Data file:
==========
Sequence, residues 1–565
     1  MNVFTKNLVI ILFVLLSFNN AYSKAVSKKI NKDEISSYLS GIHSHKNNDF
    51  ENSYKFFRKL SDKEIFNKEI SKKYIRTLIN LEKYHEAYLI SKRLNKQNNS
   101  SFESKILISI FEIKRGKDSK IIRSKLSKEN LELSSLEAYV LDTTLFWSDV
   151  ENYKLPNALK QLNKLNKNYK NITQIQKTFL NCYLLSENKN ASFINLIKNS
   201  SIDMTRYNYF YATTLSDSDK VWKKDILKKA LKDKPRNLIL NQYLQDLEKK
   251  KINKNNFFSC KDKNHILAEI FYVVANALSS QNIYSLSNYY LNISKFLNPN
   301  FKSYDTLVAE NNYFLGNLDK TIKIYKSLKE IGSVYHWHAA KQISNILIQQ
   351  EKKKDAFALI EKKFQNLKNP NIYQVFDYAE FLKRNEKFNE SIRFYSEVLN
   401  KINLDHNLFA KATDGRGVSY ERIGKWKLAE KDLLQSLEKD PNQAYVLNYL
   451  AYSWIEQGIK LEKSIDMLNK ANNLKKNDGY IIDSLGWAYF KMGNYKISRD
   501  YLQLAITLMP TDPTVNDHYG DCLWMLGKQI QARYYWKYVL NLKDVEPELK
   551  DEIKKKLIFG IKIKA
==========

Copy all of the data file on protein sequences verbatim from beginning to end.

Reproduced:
Sequence, residues 1–565
     1  MNVFTKNLVI ILFVLLSFNN AYSKAVSKKI NKDEISSYLS GIHSHKNNDF
    51  ENSYKFFRKL SDKEIFNKEI SKKYIRTLIN LEKYHEAYLI SKRLNKQNNS
   101  SFESKILISI FEIKRGKDSK IIRSKLSKEN LELSSLEAYV LDTTLFWSDV
   151  ENYKLPNALK QLNKLNKNYK NITQIQKTFL NCYLLSENKN ASFINLIKNS
   201  SIDMTRYNYF YATTLSDSDK VWKKDILKKA LKDKPRNLIL NQYLQDLEKK
   251  KINKNNFFSC KDKNHILAEI FYVVANALSS QNIYSLSNYY LNISKFLNPN
   301  FKSYDTLVAE NNYFLGNLDK TIKIYKSLKE IGSVYHWHAA KQISNILIQQ
   351  EKKKDAFALI EKKFQNLKNP NIYQVFDYAE FLKRNEKFNE SIRFYSEVLN
   401  KINLDHNLFA KATDGRGVSY ERIGKWKLAE KDLLQSLEKD PNQAYVLNYL
   451  AYSWIEQGIK LEKSIDMLNK ANNLKKNDGY IIDSLGWAYF KMGNYKISRD
   501  YLQLAITLMP TDPTVNDHYG DCLWMLGKQI QARYYWKYVL NLKDVEPELK
   551  DEIKKKLIFG IKIKA